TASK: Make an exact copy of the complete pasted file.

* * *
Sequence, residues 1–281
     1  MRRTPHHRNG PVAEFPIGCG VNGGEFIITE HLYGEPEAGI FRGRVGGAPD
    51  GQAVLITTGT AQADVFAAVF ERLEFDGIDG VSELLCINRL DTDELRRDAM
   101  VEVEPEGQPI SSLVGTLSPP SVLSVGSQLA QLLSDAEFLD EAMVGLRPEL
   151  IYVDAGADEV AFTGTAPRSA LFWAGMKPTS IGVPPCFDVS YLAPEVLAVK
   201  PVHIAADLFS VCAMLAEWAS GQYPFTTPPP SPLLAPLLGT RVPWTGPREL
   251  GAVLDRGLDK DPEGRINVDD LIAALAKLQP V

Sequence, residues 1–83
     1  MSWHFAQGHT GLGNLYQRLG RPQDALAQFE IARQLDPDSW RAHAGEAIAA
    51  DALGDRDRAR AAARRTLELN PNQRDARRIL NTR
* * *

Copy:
Sequence, residues 1–281
     1  MRRTPHHRNG PVAEFPIGCG VNGGEFIITE HLYGEPEAGI FRGRVGGAPD
    51  GQAVLITTGT AQADVFAAVF ERLEFDGIDG VSELLCINRL DTDELRRDAM
   101  VEVEPEGQPI SSLVGTLSPP SVLSVGSQLA QLLSDAEFLD EAMVGLRPEL
   151  IYVDAGADEV AFTGTAPRSA LFWAGMKPTS IGVPPCFDVS YLAPEVLAVK
   201  PVHIAADLFS VCAMLAEWAS GQYPFTTPPP SPLLAPLLGT RVPWTGPREL
   251  GAVLDRGLDK DPEGRINVDD LIAALAKLQP V

Sequence, residues 1–83
     1  MSWHFAQGHT GLGNLYQRLG RPQDALAQFE IARQLDPDSW RAHAGEAIAA
    51  DALGDRDRAR AAARRTLELN PNQRDARRIL NTR